Rachel Marshall, from the University of Rhode Island, studied the sex ratios of discarded Summer Flounder (Paralichthys dentatus) in the New Jersey recreational fishery. Rachel’s results showed that a high proportion of the discarded fish (smaller than the legal size limit) are males; whereas the catch (those bigger than the limit) were largely females.
Rachel Sheppard, from the University of Massachusetts, helped with sampling plankton in Barnegat Bay and Little Egg Harbor. Her results showed that the plankton composition varies throughout the BBLEH system, and that bivalve larvae are found throughout.
Courtney Cochran, from Texas Christian University, studied the effects of global fisheries on waved whelk (Buccinum undatum) size of maturity and growth. In her research, Courtney used a wide meta-analysis of the literature to examine the patterns among global stocks and compared those to samples taken in from the MidAtlantic. Her results suggest that global stocks may change in response to fishing, with size of maturity decreasing with fishing pressure.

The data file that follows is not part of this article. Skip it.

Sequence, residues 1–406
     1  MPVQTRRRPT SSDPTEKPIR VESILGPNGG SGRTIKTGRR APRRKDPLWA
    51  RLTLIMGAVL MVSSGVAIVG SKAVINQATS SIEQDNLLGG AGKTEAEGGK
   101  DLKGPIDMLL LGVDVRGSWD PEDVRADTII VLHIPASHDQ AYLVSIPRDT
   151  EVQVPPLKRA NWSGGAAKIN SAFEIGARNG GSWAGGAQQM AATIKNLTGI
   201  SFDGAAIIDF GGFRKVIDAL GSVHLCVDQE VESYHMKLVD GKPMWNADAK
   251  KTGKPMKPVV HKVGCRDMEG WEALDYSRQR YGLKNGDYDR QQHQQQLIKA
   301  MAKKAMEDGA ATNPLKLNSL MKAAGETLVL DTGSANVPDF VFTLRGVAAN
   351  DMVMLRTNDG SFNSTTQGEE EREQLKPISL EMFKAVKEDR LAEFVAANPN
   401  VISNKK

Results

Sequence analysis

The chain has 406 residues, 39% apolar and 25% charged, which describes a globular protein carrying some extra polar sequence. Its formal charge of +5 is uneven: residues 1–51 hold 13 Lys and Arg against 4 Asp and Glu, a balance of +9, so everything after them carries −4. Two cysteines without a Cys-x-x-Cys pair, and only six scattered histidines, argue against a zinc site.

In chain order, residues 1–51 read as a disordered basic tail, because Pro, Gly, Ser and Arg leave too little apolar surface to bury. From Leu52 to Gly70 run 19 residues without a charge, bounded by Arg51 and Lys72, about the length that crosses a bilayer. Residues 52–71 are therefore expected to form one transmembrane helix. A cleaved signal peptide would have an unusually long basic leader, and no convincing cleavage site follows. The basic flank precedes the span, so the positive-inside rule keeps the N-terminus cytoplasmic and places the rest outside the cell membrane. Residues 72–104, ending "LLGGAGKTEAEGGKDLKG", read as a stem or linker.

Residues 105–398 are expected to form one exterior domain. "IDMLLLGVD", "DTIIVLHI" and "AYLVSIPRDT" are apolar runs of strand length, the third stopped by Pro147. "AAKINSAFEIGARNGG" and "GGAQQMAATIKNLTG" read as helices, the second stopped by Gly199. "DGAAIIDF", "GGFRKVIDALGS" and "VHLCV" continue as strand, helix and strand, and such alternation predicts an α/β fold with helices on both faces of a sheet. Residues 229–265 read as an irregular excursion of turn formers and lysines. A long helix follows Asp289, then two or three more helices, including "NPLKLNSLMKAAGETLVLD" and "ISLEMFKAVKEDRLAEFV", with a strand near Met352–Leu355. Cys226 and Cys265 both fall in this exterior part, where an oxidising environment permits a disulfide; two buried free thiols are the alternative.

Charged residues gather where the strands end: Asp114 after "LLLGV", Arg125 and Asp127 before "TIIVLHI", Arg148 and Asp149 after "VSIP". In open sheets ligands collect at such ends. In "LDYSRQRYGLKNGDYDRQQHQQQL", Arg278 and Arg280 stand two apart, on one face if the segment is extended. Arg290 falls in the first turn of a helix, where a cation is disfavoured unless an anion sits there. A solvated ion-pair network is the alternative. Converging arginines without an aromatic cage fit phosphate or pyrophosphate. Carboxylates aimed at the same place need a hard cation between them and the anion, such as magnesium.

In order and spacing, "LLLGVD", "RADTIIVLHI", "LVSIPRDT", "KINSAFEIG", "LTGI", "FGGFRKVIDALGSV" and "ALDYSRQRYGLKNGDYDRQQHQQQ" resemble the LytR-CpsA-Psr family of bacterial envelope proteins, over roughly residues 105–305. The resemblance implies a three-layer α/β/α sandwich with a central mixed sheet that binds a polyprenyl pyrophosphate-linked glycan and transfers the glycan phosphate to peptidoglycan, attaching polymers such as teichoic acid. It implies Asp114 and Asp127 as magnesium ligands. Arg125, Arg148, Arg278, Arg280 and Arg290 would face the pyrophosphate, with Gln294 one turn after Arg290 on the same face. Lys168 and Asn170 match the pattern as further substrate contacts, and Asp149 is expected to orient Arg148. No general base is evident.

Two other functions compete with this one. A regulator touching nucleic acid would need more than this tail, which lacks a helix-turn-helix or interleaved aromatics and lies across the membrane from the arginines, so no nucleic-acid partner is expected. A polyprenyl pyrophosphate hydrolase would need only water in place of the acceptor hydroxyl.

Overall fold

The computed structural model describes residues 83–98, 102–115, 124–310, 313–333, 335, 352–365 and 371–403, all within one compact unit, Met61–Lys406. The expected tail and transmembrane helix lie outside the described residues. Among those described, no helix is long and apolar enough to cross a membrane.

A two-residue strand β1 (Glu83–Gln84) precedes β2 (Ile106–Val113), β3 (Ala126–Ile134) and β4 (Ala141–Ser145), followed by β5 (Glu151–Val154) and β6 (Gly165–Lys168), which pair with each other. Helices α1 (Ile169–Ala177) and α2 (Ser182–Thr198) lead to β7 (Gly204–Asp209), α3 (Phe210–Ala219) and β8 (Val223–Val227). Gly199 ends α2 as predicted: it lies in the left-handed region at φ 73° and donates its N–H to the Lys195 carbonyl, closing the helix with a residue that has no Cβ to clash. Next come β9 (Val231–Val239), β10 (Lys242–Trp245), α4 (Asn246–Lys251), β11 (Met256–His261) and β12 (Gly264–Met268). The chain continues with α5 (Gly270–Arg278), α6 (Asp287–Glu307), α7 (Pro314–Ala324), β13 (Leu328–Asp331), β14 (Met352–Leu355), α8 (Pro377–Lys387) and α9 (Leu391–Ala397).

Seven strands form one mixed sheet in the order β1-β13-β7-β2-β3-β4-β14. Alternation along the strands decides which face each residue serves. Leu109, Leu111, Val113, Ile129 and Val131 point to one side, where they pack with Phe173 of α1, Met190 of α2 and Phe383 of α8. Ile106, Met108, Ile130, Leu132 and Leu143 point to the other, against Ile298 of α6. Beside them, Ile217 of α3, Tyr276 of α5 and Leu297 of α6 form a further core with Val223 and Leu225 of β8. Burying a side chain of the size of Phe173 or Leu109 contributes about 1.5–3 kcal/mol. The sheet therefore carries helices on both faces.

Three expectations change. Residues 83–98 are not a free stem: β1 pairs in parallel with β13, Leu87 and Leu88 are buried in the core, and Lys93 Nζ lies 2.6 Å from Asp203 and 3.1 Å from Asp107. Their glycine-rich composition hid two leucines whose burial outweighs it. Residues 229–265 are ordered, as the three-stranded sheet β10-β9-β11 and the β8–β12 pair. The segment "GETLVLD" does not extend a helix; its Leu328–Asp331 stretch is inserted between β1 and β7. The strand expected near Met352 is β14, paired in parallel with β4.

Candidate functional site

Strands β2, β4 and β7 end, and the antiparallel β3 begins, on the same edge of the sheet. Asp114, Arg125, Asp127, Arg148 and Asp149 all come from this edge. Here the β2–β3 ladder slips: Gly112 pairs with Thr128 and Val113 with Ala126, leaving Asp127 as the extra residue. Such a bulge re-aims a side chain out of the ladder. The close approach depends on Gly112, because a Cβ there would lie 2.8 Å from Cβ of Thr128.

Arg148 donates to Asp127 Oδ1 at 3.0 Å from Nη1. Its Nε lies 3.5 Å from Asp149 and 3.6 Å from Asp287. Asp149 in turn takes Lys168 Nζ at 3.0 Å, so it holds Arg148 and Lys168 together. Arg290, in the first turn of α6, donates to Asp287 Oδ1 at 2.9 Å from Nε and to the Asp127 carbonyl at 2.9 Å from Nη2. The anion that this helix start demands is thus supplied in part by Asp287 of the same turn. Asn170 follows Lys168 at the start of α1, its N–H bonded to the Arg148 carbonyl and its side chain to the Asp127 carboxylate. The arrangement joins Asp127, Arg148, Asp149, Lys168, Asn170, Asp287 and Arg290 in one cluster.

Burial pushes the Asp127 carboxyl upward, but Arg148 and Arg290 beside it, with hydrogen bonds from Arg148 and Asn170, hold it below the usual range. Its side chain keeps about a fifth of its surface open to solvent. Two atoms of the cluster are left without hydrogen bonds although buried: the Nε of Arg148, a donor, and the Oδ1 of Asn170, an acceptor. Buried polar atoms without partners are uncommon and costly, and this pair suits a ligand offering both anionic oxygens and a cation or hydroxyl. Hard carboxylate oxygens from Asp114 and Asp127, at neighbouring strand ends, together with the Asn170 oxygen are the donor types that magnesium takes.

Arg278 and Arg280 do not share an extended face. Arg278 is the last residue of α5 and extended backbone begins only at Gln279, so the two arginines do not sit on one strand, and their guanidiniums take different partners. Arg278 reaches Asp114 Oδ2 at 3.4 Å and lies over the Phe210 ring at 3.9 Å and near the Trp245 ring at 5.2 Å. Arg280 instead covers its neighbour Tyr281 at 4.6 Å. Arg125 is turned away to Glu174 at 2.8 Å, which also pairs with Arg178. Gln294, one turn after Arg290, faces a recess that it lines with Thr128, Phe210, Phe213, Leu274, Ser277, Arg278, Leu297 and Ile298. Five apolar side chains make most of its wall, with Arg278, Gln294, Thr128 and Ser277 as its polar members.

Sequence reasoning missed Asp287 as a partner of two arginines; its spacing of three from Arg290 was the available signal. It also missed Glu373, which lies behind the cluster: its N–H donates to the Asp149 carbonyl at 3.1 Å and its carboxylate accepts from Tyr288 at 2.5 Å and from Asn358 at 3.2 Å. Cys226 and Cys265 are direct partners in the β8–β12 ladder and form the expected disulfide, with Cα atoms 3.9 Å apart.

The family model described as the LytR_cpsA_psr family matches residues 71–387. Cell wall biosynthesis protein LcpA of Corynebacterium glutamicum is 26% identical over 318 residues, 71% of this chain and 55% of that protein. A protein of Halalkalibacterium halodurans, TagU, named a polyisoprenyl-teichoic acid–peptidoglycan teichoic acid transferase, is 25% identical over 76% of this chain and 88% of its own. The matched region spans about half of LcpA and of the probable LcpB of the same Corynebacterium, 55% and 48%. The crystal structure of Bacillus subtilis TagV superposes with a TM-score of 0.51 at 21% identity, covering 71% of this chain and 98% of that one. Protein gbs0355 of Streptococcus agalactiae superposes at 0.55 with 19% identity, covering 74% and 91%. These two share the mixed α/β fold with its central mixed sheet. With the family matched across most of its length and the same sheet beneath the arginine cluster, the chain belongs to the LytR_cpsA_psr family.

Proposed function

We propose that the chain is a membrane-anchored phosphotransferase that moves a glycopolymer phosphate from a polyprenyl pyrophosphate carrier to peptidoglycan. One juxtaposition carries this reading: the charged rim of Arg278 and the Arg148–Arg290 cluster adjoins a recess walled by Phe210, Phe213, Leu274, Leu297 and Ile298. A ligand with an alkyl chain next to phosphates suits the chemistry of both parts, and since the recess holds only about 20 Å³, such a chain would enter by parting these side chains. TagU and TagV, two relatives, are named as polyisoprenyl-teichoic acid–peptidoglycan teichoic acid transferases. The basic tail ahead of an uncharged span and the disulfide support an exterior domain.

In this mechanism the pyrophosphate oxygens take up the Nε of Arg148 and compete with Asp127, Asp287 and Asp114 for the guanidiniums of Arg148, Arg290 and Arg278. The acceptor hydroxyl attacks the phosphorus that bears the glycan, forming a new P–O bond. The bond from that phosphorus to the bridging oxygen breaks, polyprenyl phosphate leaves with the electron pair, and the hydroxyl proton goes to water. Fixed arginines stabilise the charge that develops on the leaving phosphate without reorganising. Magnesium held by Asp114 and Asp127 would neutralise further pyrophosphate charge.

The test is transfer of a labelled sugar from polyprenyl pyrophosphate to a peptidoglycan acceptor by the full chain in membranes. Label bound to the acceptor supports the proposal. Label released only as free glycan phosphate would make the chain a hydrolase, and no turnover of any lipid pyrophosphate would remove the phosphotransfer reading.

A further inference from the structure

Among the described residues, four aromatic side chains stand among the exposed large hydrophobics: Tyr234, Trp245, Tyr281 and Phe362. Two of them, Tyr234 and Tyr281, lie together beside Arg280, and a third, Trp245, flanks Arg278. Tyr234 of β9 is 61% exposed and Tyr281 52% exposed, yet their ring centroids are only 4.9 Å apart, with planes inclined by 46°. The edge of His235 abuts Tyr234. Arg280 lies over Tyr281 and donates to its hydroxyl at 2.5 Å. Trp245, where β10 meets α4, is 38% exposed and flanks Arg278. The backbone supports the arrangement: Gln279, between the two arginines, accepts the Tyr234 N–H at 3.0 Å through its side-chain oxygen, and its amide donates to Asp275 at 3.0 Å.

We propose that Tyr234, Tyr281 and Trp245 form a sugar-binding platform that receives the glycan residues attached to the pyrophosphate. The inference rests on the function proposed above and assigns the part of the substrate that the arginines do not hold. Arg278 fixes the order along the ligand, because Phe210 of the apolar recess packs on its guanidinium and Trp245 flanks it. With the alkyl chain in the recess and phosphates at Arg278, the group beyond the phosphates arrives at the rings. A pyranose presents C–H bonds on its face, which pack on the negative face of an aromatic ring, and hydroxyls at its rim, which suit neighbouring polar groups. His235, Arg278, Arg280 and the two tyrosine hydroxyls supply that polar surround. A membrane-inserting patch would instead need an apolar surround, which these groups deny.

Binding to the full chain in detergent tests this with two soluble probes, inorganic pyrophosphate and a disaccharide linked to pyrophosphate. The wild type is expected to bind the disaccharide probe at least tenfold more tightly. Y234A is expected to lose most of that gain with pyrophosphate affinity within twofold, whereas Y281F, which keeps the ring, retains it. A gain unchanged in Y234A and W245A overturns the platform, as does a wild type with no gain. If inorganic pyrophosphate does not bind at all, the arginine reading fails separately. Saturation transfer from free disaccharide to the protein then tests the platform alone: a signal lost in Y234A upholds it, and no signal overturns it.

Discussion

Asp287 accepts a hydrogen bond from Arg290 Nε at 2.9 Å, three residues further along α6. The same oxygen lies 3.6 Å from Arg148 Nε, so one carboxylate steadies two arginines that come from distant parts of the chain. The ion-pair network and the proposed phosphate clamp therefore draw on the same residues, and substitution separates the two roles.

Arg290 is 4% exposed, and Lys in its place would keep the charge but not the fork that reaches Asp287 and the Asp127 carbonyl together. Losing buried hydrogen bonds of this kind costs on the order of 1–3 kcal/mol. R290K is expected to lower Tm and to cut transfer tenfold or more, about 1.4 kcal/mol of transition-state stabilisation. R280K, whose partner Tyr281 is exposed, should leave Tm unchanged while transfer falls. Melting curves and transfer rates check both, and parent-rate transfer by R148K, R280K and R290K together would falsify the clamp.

Francesca Roselli, from Rutgers Universty, studied the population biology of Oyster Toadfish, Opsanus tau, in New Jersey Estuaries. She sampled fish from both the Delaware Bay and Barnegat Bay, examining weight, length, sex, maturity and age of each fish. Comparison between estuaries suggested that the two populations may differ in growth and timing of spawning.
Collin Dobson, from Rutgers University, studied the Waved Whelk (Buccinum undatum) in the mid-Atlantic Bight, focusing on the biology of the commercial catch and its population distribution. He found significant differences in whelk phenotypes among fishing locations, suggesting limited population connectivity.
Laura Gray, from Oberlin College, investigated sediment characteristics governing biological productivity in ancient clam gardens. Results of this work suggested that increased shell hash in surface sediments and greater fractions of subsurface sediment of a large grain size may contribute to observed enhancement of clam biomass in clam gardens compared to control beaches.
Lauren Huey, from Rutgers University, studied competition for food and suspended particles, including the agent of dermo disease, Perkinsus marinus, between oysters and filter- feeding tunicates living on the oysters. Results of her work will show whether consumption of P. marinus by tunicates reduced the rate at which oysters became infected with the pathogen, a phenomenon she calls commensal dilution.
Joseph (Packy) Looney, from Rutgers University, examined mortality patterns and levels of waterborne pathogens at varying salinities, with focus on the parasite, Perkinsus marinus, cause of dermo disease in oysters. His results showing a strong positive effect of salinity on mortality of this pathogen in seawater. These results will be used in mathematical modeling studies of marine parasites.